For Mark McGwire, the taint of scandal cost him a chance at the Hall of Fame. For Barry Bonds and Roger Clemens, the drug cloud landed them in federal court.
Rafael Palmeiro, with more than 500 home runs and 3,000 hits, became an outcast after a positive drug test. Manny Ramirez drew a suspension that ran him out of the majors, Steve Howe was banned seven times. In the 1980s, several players had reputations tarnished during the Pittsburgh cocaine trials, before that a few even went to prison.
Now, former MVP Ryan Braun is serving a 65-game ban and more big penalties are looming.
"There's a thought that maybe the punishment isn't steep enough because the guys are still doing stuff," Seattle shortstop Brendan Ryan said. "Is there a punishment that's too stiff? I don't know. It should scare anyone from doing it."
A tough task, Yankees player representative Curtis Granderson said.
"I think as long as the ability to improve and the amount of money and fame and accolades are there, there'll always be someone trying to do it," the star outfielder said during a media session at Petco Park in San Diego.
"I mean, if you go back to all of us here standing here, I'm sure one of us at some point in time has cheated off of a test, finagled a resume, entrance exams to a school. And then you see in all the different other sports and stuff, the way people have been doing stuff from these Olympics to these sports to this game."
Granderson added: "There's always a way to try to get yourself better, especially when there's a monetary value involved. Whether that be getting a scholarship, getting a job, getting a career in baseball. I think always someone's going to be trying to do it."
Hall of Famer Tony Perez, who works with the Marlins, understands the lure.
"You can make a lot of money. The temptation is hard to refuse," he said. "I'm not angry at them. They made a mistake. I don't know if I was in their shoes, I might have done it because of the money."
Cubs president of baseball operations Theo Epstein said baseball needed "to make the players aware of what's acceptable and what's not, that there are consequences for bad decisions." And Dodgers pitching coach Rick Honeycutt said the commissioner's office "kind of set the precedent with Braun."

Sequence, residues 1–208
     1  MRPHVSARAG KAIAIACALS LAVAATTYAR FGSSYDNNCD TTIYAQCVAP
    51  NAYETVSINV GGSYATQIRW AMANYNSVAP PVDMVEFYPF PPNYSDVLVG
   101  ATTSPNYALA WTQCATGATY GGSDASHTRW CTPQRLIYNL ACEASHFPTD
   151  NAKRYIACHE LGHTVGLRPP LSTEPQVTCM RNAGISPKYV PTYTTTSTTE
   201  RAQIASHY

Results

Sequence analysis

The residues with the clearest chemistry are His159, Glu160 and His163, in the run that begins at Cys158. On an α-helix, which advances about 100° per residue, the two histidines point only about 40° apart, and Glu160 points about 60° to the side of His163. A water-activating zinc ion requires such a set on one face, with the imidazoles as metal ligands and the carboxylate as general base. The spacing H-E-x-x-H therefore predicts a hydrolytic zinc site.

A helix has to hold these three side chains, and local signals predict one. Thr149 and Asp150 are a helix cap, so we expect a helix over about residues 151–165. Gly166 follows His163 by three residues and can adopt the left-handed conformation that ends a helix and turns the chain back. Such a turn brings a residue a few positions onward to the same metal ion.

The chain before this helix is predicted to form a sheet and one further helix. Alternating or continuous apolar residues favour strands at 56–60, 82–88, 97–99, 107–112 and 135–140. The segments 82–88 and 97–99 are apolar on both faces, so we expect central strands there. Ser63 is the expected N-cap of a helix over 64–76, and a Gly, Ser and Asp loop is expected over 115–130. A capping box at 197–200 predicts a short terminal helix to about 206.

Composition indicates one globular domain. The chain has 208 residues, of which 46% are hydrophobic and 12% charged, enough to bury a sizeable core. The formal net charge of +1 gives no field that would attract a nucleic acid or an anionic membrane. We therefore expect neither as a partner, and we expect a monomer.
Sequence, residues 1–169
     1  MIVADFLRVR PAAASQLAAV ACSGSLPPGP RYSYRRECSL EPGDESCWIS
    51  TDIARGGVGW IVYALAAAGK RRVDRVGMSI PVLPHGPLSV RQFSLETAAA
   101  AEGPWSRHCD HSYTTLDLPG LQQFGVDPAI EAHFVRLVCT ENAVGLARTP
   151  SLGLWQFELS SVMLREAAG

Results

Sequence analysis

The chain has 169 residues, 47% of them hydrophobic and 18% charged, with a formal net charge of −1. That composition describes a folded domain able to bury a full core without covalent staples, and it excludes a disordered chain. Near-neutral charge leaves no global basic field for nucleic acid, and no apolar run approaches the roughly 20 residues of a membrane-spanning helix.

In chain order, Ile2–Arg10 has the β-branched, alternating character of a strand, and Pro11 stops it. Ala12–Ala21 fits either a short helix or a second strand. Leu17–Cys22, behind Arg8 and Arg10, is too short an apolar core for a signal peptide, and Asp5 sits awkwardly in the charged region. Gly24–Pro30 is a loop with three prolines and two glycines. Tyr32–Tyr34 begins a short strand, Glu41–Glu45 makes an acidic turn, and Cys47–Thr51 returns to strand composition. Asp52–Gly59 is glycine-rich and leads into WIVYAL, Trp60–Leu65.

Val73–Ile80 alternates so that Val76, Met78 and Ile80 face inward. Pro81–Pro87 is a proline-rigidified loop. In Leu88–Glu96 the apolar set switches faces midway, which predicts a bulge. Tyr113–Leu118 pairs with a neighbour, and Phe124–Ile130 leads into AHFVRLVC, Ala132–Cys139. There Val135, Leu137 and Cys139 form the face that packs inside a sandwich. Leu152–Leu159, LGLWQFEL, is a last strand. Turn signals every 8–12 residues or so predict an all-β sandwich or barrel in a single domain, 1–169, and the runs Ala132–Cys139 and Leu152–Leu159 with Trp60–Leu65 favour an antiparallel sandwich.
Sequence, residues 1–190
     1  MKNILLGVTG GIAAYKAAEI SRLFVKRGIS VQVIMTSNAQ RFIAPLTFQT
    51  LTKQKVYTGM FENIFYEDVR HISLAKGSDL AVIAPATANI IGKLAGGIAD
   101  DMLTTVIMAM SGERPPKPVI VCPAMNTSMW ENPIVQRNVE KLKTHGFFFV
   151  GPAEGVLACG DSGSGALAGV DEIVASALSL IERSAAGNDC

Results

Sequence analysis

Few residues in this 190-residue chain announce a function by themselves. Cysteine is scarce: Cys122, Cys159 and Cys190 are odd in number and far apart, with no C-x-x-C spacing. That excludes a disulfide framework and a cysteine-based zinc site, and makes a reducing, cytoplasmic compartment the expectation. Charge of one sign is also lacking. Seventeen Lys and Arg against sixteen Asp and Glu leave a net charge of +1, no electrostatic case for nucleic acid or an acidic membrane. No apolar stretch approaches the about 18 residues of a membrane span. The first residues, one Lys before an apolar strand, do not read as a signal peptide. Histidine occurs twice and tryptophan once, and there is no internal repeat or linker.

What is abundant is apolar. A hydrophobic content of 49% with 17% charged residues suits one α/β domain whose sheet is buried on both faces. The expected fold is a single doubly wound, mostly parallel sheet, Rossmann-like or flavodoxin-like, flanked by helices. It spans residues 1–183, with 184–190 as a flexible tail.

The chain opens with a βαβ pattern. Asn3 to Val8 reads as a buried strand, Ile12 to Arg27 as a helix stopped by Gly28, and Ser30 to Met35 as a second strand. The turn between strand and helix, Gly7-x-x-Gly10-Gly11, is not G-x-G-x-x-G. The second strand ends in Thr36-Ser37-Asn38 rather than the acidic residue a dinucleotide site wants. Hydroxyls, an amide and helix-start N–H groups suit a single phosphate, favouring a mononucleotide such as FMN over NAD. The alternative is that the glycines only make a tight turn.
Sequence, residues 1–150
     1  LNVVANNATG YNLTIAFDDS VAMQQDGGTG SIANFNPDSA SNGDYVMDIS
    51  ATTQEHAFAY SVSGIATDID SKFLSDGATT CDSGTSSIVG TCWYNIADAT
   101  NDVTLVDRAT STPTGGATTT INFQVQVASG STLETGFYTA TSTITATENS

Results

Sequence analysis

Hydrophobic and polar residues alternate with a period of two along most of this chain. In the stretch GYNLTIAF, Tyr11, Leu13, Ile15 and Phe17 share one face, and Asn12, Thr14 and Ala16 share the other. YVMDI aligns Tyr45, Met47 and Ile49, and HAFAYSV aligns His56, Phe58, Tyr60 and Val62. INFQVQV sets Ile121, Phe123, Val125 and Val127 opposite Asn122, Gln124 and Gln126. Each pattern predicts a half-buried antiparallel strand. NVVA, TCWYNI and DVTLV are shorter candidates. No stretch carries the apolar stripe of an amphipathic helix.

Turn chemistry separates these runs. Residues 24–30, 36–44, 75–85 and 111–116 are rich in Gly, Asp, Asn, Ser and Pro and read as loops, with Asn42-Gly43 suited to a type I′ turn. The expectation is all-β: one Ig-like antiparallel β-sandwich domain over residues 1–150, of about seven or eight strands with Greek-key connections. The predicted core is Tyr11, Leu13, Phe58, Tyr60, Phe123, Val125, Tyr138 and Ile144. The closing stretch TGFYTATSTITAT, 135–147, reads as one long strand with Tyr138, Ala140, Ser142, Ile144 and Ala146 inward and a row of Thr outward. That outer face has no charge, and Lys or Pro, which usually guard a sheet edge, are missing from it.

Still, Cleveland manager Terry Francona said, "we're paying a price for 15 or 20 years ago burying our heads in the sand. It's not really fair to anybody."
Not like the old days, Hall of Famer Sandy Koufax recalled.
"There's talk that with 50 games and the millions players make, it might not be enough. I'm not saying that, there's just talk," he said. "Back then we had suspensions, but nothing like this with drugs."
Fellow Hall of Famer Robin Yount said he hoped the Biogenesis case "will put an end to this, once and for all."
"It's just not necessary any more. With the drug testing in place — again I'm no expert on it — but I would certainly like to believe that it's a good enough program that you can't get away with it," he said. "There was a day where there was an argument where you had to do it prior to drug testing, to keep up. I'd like to believe those days are gone."
Angels player rep C.J. Wilson stressed that players taking PEDs affect more than themselves.
"The home runs that are hit because a guy's on performance-enhancing substances, those ruin somebody's ERA, which runs their arbitration case, which ruins their salary," the pitcher said.